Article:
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Needle Exchange May Have Prevented More Than 100 New HIV Infections in D.C.


A federal policy change allowing funding of syringe exchange programs in Washington, DC, averted 120 new HIV infections relative to the number that likely would have occurred had the funding ban remained in place, saving approximately $44 million, according to a mathematical modeling study published in the September 4 edition of AIDS and Behavior. "Our study adds to the evidence that needle exchange programs not only work but are cost-effective investments in the battle against HIV," said lead author Monica Ruiz.

HIV is a blood-borne infection and sharing syringes and other equipment for drug injection is one of the most efficient routes of transmission. A substantial body of epidemiological evidence has shown that needle and syringe exchange or distribution reduces HIV risk for people who inject drugs, but laws banning such programs and restrictions on their funding remain in effect in many jurisdictions worldwide.

Ruiz and colleagues from George Washington University's Milken Institute School of Public Health examined the impact of policy change on injection-related HIV incidence.

Starting in 1998 Congress banned the use of federal funds for needle exchange programs. States were allowed to use local revenue for such programs, but this did not apply to Washington, DC, where the local budget is controlled by Congress. The DC funding ban was lifted in December 2007, and the city's health department promptly started a program that included needle exchange and referrals to HIV testing and addiction treatment, according to a George Washington Universitypress release.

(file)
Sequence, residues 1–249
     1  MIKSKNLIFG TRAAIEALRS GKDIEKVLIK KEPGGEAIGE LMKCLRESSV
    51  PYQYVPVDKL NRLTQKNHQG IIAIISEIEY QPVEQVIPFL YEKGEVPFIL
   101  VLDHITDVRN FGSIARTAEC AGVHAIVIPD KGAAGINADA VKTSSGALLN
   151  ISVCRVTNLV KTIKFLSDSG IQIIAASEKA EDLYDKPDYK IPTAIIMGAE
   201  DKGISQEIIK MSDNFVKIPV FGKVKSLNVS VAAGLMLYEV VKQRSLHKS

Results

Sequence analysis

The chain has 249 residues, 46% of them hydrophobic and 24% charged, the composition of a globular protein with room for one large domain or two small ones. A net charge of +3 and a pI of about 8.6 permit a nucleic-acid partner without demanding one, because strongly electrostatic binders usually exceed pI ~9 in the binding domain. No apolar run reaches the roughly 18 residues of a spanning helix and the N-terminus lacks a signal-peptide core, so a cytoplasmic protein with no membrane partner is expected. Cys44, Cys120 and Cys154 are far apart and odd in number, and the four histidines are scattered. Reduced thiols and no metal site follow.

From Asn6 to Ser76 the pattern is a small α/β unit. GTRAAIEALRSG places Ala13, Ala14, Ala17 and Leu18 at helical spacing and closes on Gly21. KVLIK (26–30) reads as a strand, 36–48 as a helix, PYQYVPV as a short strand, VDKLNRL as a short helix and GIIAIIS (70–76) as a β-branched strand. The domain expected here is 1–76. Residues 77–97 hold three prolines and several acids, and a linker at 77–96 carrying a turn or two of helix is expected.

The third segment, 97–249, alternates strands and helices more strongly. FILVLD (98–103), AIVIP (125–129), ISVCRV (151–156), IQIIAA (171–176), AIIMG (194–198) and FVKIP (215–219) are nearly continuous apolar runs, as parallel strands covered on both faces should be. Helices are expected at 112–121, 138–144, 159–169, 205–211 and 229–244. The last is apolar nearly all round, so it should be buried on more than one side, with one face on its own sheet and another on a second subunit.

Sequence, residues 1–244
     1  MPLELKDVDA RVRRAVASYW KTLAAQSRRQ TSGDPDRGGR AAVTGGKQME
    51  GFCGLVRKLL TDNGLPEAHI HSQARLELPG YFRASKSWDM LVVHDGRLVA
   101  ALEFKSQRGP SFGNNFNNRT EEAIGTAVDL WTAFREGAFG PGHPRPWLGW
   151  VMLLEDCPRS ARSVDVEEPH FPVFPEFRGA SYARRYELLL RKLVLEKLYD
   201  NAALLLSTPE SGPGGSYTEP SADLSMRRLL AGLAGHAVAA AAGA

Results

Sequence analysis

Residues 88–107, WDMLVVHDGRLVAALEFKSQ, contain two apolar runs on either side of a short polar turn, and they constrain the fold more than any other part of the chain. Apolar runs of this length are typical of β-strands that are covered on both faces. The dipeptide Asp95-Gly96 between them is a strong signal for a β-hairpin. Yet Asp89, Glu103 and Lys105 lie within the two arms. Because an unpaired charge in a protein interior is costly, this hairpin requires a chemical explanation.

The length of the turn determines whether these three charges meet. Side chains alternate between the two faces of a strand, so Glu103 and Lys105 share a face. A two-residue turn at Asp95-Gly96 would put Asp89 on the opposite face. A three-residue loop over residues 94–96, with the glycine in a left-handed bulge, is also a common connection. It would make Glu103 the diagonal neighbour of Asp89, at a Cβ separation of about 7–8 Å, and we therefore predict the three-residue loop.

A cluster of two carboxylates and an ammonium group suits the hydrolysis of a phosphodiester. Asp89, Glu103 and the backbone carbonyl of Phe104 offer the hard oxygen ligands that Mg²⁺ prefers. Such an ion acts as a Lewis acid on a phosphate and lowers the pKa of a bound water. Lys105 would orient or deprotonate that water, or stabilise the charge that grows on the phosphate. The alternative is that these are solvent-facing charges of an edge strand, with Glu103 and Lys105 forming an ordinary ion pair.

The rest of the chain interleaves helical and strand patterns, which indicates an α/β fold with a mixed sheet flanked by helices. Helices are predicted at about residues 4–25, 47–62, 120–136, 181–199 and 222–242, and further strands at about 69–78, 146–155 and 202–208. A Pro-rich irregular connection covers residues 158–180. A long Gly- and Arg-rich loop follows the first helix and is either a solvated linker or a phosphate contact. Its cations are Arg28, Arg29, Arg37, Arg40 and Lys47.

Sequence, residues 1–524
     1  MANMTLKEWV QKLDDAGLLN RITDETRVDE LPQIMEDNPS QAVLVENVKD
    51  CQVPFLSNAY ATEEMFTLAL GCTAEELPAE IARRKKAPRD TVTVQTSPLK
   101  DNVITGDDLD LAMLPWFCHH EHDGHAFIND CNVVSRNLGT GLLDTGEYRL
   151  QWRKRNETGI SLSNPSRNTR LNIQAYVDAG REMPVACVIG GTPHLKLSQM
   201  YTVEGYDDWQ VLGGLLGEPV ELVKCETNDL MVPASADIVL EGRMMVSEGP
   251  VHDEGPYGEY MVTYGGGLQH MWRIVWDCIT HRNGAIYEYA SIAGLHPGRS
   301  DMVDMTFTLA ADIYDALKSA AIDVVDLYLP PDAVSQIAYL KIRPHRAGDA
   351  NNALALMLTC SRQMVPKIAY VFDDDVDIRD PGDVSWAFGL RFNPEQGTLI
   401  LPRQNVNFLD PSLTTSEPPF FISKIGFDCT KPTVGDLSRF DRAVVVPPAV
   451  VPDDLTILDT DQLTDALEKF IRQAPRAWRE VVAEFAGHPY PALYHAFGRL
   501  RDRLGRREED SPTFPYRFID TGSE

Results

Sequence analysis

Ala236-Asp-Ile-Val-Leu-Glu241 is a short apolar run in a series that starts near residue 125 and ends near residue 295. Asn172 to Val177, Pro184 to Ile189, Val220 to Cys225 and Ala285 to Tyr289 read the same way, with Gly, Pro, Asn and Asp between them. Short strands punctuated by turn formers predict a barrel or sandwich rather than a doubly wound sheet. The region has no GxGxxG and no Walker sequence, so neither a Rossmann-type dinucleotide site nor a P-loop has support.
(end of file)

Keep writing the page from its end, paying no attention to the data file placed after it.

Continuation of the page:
A total of 176 injection-associated HIV cases were reported in the 2 years after the local funding policy change. During this period the average number of new infections attributed to injection drug use fell from 19 per month to about 6 per month. The researchers' model predicted 296 such cases had the policy remained in place, for a difference of 120 averted HIV infections. This represents a 70% decrease in newly diagnosed HIV cases where the reported transmission route was injection drug use.

In their discussion the researchers noted that the predicted decrease in HIV infections is within the range of findings from other studies of the effect of syringe access on blood-borne infections, such as a 70% decrease in HIV infections in New York City and an 80% reduction in hepatitis B and C incidence in Tacoma.

DC awarded approximately $1.3 million to community organizations to operate the citywide syringe exchange in the 2 years after the funding ban was lifted. In FY 2009 the DC needle exchange reported exchanging approximately 314,000 syringes, providing 2279 HIV tests, distributing 378,000 condoms, and linking 321 people to substance use treatment. Averting 120 HIV infections translates to an approximate cost savings of $45.6 million in lifetime HIV-related medical costs, or $44.3 million after subtracting the program costs, they estimated.

"A significant immediate and persistent drop" in the number of monthly cases, as well as a significant decrease in the trend over the 44 months following the policy change, indicates that the lifting the DC funding ban "continues to have a significant impact on the number of [injection drug use]-associated HIV cases that are observed in the city," the study authors wrote.

"The findings of this research demonstrate that policy change can serve as an effective structural intervention for HIV prevention, particularly when changes in policy facilitate the creation or scale up of prevention services most needed by vulnerable and marginalized populations such as people who inject drugs," they concluded. "In showing the epidemic impact of policy change in the DC, our findings support the creation, promotion, and implementation of evidence-based policy for HIV prevention."



MS Ruiz, A O’Rourke, and ST Allen. Impact Evaluation of a Policy Intervention for HIV Prevention in Washington, DC. AIDS and Behavior. September 4, 2015 (Epub).

Other Source

George Washington UniversityMilken Institute School of Public Health.DC Needle Exchange Program Prevented 120 New Cases of HIV in Two Years. Press release. September 3, 2015.